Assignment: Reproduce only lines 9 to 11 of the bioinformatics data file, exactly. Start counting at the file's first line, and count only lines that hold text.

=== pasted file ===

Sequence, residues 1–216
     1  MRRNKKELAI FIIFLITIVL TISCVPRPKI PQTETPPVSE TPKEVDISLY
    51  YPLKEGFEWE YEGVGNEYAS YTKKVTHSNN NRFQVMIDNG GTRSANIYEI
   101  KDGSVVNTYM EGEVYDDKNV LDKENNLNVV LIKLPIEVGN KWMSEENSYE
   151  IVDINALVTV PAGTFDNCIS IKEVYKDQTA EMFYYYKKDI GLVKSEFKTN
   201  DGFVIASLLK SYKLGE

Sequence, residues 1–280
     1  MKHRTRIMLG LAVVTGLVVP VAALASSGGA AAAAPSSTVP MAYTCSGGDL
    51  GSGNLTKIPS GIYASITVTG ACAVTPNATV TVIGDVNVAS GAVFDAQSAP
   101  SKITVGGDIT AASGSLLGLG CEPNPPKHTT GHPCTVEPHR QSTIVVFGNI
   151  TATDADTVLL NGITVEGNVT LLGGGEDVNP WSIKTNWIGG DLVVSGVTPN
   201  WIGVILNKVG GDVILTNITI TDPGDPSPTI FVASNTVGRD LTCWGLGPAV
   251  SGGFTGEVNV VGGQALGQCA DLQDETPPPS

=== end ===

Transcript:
    51  GSGNLTKIPS GIYASITVTG ACAVTPNATV TVIGDVNVAS GAVFDAQSAP
   101  SKITVGGDIT AASGSLLGLG CEPNPPKHTT GHPCTVEPHR QSTIVVFGNI
   151  TATDADTVLL NGITVEGNVT LLGGGEDVNP WSIKTNWIGG DLVVSGVTPN